My rule of thumb is green grass is usually Zone V, another rule of thumb for caucasians is the back of your hand is Zone V, this was always useful with Weston meters. When I did my first Zone System tests that was with a Weston Euromaster you don't need a Spotmeter.

Alan I did the readings earlier before walking the dog, I just repeated the readings below the tree it's now cloudy, I get a slightly greater difference from10 meters compared to 1 metre a stop and a third less close up.

After 30+ years of using the Zone System, although not fanatically, the spotmeter readings you get from camera position are reflected in what you get on the film and in prints, or at least they are in mine.

Ian
 

Alan Clark

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Ian, Thanks for your interest in this matter. But I was talking about distant dark objects, i.e. a clump of dark trees in shadow about 200 yards away. Take your dog out for another walk and have another go!
Like you I took shadow readings from a shrub a few yards away and got EV 11. This was a typical Zone 111 for me. But the dark shadowy trees at 200 yards were EV13. Had I not had any close up objects and put the distant tree on zone 3 I would have underexposed by 2 stops.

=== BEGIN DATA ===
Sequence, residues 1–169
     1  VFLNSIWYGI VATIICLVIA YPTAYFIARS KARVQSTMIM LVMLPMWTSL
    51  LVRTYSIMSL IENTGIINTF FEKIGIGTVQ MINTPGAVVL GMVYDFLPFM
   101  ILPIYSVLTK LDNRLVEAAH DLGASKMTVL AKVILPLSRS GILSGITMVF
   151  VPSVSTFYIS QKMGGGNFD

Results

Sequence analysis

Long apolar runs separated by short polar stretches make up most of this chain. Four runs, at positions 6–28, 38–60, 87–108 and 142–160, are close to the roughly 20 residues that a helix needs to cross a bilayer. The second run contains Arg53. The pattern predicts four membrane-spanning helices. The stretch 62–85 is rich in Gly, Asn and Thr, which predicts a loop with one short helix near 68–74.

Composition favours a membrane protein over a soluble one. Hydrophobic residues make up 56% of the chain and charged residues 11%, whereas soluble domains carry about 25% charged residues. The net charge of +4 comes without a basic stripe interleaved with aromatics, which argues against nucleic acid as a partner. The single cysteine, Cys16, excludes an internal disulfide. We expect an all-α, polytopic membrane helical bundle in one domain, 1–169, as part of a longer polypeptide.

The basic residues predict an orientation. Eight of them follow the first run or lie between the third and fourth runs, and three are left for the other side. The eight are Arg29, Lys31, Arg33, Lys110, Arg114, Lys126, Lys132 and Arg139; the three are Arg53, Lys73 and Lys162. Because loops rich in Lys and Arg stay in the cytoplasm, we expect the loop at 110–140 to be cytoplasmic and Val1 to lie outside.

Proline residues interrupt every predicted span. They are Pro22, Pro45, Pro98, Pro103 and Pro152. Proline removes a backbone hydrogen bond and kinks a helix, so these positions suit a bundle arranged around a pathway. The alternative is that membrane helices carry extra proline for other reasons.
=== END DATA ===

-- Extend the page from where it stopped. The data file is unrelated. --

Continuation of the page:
When you say your rule of thumb is that green grass is Zone V this surely depends on whether or not the sun is shining on it. This can make a difference of 2 stops...

Alan
 

Ian-Barber

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Like you I took shadow readings from a shrub a few yards away and got EV 11. This was a typical Zone 111 for me. But the dark shadowy trees at 200 yards were EV13. Had I not had any close up objects and put the distant tree on zone 3 I would have underexposed by 2 stops.
If the distant trees were giving EV13 (zone 5) and you wanted them on Z3 would you not just adjust the meter to EV11 to place them on Zone 3
 

David M

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I agree with Ian G. The headland appears to be wooded and that would suggest about Z5.